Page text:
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Book by Harvard Senior Explains Chess Game's Influence on Mao


A Harvard senior has written a book relating Asian guerilla warfare to Wei-Ch'i, the Oriental counterpart of the game of chess.

In The Protracted Game: A Wei-Ch'i Interpretation of Maoist Revolutionary Strategy, Scott A. Boorman 70, who ranks first in the senior class, describes the techniques of the game and their analogy to the tactics of Mao Tse-tung during the Chinese Civil War.

The goal of the wei-ch'i player is to encircle his opponent, thereby extending his territorial control. Unlike the chess player, he does not attempt to capture his opponent's major pieces.


"One of the cardinal errors in wei-ch'i is containment." Boorman said, applying his theory to the present Vietnam situation. "Your opponent can work behind his lines and cut your forces to pieces. The idea is to surround your opponent by forming strong bases of support."

Citing instances from Mao's writings in which he refers directly to wei-ch'i strategy, Boorman said, 'It would be very helpful for American policy makers to have a rudimentary knowledge of the game," which is played throughout South Asia.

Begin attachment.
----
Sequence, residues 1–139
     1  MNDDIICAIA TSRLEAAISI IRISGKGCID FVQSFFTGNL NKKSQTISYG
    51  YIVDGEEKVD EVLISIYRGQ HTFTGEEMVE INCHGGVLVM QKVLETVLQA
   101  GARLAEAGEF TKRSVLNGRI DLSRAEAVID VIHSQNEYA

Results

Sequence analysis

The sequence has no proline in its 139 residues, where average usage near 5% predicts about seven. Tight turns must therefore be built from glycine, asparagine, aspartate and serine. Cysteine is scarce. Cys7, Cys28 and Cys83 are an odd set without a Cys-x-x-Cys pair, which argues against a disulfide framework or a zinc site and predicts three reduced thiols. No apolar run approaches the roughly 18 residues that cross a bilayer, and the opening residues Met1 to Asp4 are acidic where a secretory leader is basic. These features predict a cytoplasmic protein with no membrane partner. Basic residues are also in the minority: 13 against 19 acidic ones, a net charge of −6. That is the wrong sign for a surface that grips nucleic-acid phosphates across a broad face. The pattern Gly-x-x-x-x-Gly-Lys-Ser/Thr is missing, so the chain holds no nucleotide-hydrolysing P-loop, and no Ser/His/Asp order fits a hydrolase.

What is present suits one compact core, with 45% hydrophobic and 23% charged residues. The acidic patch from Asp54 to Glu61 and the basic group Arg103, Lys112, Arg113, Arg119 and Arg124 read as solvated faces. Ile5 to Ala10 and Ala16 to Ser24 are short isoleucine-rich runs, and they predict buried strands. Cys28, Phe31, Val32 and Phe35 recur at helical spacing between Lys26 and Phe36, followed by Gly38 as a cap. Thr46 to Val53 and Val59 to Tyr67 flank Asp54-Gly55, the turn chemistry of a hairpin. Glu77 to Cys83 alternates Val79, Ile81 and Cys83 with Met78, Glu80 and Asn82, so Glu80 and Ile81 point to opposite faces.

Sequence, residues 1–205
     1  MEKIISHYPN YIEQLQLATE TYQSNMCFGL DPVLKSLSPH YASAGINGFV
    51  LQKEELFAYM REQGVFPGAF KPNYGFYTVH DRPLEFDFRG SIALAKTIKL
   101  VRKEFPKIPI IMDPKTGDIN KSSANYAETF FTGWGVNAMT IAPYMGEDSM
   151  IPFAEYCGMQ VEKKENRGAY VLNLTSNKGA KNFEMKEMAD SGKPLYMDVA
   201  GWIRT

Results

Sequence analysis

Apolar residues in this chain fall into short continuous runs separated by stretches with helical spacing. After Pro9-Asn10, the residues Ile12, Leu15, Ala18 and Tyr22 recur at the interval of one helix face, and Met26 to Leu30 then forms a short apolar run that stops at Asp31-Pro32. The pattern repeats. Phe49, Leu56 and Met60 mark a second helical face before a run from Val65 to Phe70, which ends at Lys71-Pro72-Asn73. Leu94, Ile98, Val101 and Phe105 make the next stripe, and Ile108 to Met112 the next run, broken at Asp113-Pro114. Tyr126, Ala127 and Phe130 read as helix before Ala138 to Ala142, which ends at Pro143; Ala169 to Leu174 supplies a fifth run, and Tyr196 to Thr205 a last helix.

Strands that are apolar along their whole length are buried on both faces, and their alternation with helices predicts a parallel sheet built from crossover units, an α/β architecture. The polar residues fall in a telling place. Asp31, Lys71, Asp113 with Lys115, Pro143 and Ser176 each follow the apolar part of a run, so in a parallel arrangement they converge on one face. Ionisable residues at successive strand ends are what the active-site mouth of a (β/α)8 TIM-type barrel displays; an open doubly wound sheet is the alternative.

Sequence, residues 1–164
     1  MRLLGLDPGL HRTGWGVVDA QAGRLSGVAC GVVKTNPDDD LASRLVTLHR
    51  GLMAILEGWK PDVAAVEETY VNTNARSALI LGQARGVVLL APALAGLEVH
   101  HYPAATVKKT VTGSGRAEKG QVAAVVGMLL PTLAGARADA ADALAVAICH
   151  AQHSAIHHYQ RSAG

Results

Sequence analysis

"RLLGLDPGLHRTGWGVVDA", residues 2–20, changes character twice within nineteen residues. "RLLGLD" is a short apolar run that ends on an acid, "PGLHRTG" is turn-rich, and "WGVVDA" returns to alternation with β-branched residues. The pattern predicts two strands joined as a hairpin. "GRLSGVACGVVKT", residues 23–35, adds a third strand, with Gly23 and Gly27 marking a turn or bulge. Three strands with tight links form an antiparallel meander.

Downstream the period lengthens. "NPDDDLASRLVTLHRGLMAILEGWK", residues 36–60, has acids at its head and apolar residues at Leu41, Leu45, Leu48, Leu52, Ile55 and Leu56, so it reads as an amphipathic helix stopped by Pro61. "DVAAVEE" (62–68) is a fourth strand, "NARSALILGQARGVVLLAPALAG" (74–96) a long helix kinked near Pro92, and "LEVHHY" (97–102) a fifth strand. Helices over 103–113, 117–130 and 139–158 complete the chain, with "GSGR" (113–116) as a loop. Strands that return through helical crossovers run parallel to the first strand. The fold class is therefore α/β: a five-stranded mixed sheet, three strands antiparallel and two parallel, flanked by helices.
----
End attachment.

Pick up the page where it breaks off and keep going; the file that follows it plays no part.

One of Boorman's main arguments is Manchuria proved disastrous against the Maoist, wei-ch'i influenced, strategy.

Today, Boorman believes, the Americans in Vietnam are repeating many of the errors made in China 25 years ago.

Born in Peking in 1949, Boorman had no formal education before coming to Harvard, though he had completed most of the book. He is concentrating in Applied that Chiang Kai-shek's Western-style tactic of concentrating massive forces in Mathematics and plans to do graduate work in philosophy.

In the United States wei-ch'i, played in a type of checkerboard with flat stone pieces, is usually known by its Japanese name, "go." Boorman said he rarely plays it, and is interested in it chiefly as "a theoretical model of strategy."

The book, published by the Oxford University Press, will be released November 13.

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